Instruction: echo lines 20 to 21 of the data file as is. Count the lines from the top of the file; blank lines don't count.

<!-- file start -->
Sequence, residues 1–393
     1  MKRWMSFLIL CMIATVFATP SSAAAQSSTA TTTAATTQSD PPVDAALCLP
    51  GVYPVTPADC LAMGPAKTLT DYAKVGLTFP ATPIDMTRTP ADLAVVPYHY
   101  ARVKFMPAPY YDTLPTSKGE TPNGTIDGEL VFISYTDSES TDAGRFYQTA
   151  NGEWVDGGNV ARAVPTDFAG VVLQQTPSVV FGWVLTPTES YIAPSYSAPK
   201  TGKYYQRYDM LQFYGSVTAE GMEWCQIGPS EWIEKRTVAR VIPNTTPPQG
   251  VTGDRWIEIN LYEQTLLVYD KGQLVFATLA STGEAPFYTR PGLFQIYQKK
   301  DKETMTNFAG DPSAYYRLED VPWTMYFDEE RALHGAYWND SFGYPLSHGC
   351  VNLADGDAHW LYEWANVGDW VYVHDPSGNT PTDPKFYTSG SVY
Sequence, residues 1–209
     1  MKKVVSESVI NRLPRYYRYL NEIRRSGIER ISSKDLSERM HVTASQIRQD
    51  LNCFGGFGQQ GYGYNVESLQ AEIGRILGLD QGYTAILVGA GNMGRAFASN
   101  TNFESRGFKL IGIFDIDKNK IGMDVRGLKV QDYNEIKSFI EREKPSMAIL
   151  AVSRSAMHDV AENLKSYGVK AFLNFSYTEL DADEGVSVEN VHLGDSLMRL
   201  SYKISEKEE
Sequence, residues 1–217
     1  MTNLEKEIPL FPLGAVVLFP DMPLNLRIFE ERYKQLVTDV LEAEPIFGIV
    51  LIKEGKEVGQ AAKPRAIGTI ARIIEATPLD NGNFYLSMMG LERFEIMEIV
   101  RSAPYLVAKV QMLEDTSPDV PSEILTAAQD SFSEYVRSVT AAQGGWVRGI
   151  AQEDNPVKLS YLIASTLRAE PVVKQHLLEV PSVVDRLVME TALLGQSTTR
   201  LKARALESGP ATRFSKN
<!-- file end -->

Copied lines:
   151  AQEDNPVKLS YLIASTLRAE PVVKQHLLEV PSVVDRLVME TALLGQSTTR
   201  LKARALESGP ATRFSKN